A non-resident Indian (NRI) can access his/her earnings in India through a non-resident ordinary (NRO) account. These earnings in India could be in the form of rent, dividends, interest, pension, among other sources. The account can be opened in the form of a savings, current or fixed deposit account. Repatriation of funds from NRO accounts is permitted by the RBI, subject to certain limits. The procedure for opening an NRO account is as follows.
The NRI can either convert his/her existing resident account in India to an NRO account or open a new NRO account. Documentary proof that the account holder is a non-resident as defined in Indian tax laws is a prerequisite for NRI accounts.
In case of conversion of resident account, a form needs to be filled and signed by all account holders. Documents such as identity proof, NRI status proof, proof of foreign address and two photographs need to be submitted. In case of a new account, the NRI will have to fill up a new account-opening form with similar KYC documents. Proof of residence abroad can be in the form of employment detail, student status, dependent visa status or a copy of resident permit in the overseas destination. This proof needs to be attested by the Indian embassy, notary or branch of an Indian bank with an overseas branch.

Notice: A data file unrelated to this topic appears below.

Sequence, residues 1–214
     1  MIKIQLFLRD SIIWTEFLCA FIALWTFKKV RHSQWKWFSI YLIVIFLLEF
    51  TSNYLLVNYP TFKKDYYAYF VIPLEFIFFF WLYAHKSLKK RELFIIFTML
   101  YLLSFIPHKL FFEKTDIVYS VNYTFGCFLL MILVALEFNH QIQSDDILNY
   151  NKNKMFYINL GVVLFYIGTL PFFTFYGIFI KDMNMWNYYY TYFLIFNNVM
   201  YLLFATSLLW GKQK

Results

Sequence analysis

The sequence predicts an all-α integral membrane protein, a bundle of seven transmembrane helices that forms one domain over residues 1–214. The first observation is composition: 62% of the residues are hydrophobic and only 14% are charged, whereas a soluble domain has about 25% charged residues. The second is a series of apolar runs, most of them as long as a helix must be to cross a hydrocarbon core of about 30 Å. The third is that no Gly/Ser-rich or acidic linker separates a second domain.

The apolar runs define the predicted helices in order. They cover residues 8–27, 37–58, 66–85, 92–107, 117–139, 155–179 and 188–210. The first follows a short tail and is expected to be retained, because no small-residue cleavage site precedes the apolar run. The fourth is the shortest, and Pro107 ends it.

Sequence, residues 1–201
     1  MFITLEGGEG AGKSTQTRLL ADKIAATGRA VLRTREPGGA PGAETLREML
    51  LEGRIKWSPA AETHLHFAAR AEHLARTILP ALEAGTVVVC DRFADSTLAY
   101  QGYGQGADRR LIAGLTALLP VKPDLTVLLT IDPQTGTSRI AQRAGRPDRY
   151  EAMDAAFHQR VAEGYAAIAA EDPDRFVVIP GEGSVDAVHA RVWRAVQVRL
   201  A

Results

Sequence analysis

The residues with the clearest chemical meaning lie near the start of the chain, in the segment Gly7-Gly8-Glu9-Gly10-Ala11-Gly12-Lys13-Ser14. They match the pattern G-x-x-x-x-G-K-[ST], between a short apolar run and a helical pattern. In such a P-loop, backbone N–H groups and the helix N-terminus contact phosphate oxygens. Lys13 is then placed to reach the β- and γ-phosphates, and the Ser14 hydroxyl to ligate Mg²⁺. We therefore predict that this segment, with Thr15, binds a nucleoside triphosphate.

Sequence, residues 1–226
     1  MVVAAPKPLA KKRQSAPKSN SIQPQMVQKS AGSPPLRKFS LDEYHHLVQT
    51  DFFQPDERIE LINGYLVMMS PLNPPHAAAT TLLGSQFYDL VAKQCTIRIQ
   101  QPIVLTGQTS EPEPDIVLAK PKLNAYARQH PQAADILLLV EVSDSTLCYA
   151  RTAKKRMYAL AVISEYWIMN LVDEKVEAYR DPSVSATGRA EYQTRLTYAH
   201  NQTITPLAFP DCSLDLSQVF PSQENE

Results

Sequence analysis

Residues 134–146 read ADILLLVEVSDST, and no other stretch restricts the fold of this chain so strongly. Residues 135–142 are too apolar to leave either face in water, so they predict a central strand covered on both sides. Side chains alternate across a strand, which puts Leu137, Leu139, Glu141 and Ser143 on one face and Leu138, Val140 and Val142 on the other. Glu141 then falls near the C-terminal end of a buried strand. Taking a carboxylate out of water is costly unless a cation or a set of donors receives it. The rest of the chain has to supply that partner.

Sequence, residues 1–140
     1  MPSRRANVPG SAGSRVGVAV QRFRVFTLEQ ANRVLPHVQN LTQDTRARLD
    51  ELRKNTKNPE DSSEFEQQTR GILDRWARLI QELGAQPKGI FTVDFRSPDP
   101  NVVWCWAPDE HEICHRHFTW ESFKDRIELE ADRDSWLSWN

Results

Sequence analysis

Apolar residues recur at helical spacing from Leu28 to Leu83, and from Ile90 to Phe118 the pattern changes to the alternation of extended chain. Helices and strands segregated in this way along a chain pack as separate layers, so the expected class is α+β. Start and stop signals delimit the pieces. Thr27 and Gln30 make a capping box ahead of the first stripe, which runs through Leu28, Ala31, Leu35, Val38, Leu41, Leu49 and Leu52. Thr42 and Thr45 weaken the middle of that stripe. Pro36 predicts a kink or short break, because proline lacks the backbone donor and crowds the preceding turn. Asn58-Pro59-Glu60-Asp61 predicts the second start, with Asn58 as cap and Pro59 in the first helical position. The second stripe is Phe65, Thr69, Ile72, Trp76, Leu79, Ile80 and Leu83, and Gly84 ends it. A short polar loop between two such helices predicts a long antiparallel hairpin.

Banks also seek proof of financial transactions abroad, be it in the form of cheque drawn on an overseas account or credit card statement that is not over six months old.
Opening of the account
In case of conversion, once documents are received and verified, existing savings account will be redesignated as NRO account. For new accounts, once all the documents are received along with initial amount, the account is opened.
Points to note
1. NRO account can be opened jointly with a resident or non-resident. 2. If the signature on the form varies from the one in the passport, it has to be attested by the manager. 3. Some charges may be levied by the bank for conversion of existing account to NRO. (Content on this page is courtesy Centre for Investment Education and Learning (CIEL). Contributions by Girija Gadre, Arti Bhargava and Labdhi Mehta)